Another neoplastic condition that is attributed to cause HL in children is MB. MB is said to be a highly malignant neuroepithelial tumor of the posterior fossa that accounts for 10% of all intracranial neoplasms and 29% of all pediatric fossa tumors in children.[70] HL because of MB in children has been well documented in literature.[70],[71] Other tumors that have been documented to be the cause of HL in children, though rare, include middle ear lipomas,[72],[73] middle ear lymphoma,[74] congenital cholesteatoma,[75] and aneurysmal bone cyst of the temporal bone.[76]

Autoimmune

McCabe had proposed the existence of autoimmune SNHL (ASNHL) about 40 years ago, and ever since, evidence has confirmed the existence of autoimmune-mediated inner ear disease (AIED), a potentially treatable cause of SNHL.[77],[78] ASNHL is characterized by bilateral disease, often with the severity of HL being asymmetric.[79] AIED is defined as primary when the pathology is restricted to the ear, however, in up to a third of cases, AIED occurs in the context of systemic autoimmune disease and is defined as secondary.[80] Some of the identified autoimmune diseases affecting hearing include systemic lupus erythematosus, rheumatoid arthritis, myasthenia gravis, ASNHL, and Hashimoto's thyroiditis.[81]

For many years, it has been known that the inner ear communicates with the systemic immune system and can rapidly mount an immune response against pathogens and foreign proteins to which it has been sensitized.[82] Although the inner ear is believed to be an immune-privileged site protected by the blood–labyrinthine barrier, cochlear innate immunity has been proposed to contribute to the initiation of an adaptive immune response in the cochlea by promoting a response to antigen challenge.[81],[83] A number of inner ear antigens have been proposed as targets of antibodies due to an autoimmune response, including type 2 and type 9 collagen, beta-actin, cochlin, and beta-tectorin.[84] Baek et al.[85] attributed the etiopathogenesis of ASNHL to the cochlin-specific interferon gamma (IFN-γ)-producing T-cells. Cochlin is among the most abundant protein of the inner ear, thus it serves as a prominent candidate antigen for targeting inner ear inflammation and autoimmune-mediated HL. Baek et al.[85] found that cochlin autoreactivity was significantly enhanced in patients with ASNHL. This cochlin responsiveness involves IFN-γ-producing CD4+ and CD8+ T cells as well as elevated cochlin-specific serum antibodies. In another study, Nair et al.[86] reported on antibodies against choline transporter-like protein 2 (CTL2), an inner ear glycoprotein. They described that sensory cells die after binding of an antibody to CTL2 molecules. Their postulation was that antibody acts by blocking the transporter function of the molecule either by blocking the substrate receptor of the carbohydrate or by causing steric hindrance in the transporter pore and in either case, leads to antibody-mediated HL.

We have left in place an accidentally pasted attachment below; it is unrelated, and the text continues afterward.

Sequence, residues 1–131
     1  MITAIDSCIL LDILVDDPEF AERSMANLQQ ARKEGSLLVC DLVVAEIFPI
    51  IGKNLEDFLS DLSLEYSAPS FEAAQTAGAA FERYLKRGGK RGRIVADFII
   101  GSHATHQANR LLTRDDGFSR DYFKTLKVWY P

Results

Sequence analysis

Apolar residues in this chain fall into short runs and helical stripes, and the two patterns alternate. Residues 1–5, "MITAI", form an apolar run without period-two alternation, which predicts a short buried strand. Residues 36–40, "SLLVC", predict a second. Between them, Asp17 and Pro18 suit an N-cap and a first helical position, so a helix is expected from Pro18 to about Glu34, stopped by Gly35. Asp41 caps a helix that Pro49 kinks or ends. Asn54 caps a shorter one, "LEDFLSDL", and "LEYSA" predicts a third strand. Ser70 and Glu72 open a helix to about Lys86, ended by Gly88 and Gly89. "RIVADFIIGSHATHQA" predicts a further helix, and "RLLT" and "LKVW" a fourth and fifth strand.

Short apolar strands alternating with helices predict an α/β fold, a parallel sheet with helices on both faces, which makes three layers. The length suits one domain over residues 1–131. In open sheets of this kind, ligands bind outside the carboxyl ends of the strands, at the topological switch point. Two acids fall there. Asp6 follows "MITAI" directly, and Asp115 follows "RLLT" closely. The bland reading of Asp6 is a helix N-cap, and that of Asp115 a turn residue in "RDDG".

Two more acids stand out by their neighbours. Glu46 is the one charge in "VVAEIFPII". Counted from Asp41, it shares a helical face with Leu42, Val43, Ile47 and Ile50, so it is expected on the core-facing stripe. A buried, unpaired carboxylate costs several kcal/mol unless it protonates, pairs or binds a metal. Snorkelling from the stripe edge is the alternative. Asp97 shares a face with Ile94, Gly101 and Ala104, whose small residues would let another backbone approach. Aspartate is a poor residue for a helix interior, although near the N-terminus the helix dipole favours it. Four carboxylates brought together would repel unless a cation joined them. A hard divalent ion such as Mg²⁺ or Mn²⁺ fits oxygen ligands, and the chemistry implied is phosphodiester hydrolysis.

Although autoimmune inner ear disease most commonly affects people in the third to sixth decades of life,[80] cases of autoimmune-mediated HL in children have been well documented in literature. Huang and Sataloff[77] reported cases of seven children with HL secondary to AIED, and Marsili et al.[87] reported a case of HL in a 15-year-old boy diagnosed with AIED.

Ototoxic medications and substances